There are real-world reasons for caution. For years, federal researchers could not understand why drug- and tobacco-prevention programs seemed to be associated with greater drug and tobacco use. It turned out that children, while grasping the idea that drugs were bad, also absorbed the meta-message that adults expected teens to take drugs. Well-intentioned messages, in other words, can have the unintended consequence of opening the door to expectations and behaviors that might otherwise remain closed.
When you press a wonderful, classic children’s book into a 13-year-old’s hands, are you doing so in the belief that the book will make no difference to her outlook and imagination, that it is merely a passing entertainment? Or do you believe that, somehow, it will affect and influence her? And if that power is true for one book, why not for another?
The argument in favor of such books is that they validate the real and terrible experiences of teenagers who have been abused, addicted, or raped — among other things. The problem is that the very act of detailing these pathologies, not just in one book but in many, normalizes them. And teenagers are all about identifying norms and adhering to them.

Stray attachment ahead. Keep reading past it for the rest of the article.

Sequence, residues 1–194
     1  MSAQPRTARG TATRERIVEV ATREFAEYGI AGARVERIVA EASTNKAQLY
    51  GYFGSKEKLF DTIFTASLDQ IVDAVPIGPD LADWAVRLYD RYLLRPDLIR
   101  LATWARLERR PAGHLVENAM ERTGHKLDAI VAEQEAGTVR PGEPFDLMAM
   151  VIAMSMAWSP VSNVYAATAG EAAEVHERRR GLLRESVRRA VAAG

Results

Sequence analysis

Sharon Slaney, who works at a high school in Idaho, touched on this nicely in an online rebuke of her irate librarian colleagues: “You are naive if you think young people can read a dark and violent book that sits on the library shelves and not believe that that behavior must be condoned by the adults in their school life.”
The problem with the darker offerings in Young Adult literature is that they lack this transforming and uplifting quality. They take difficult subjects and wallow in them in a gluttonous way; they show an orgiastic lack of restraint that is the mark of bad taste.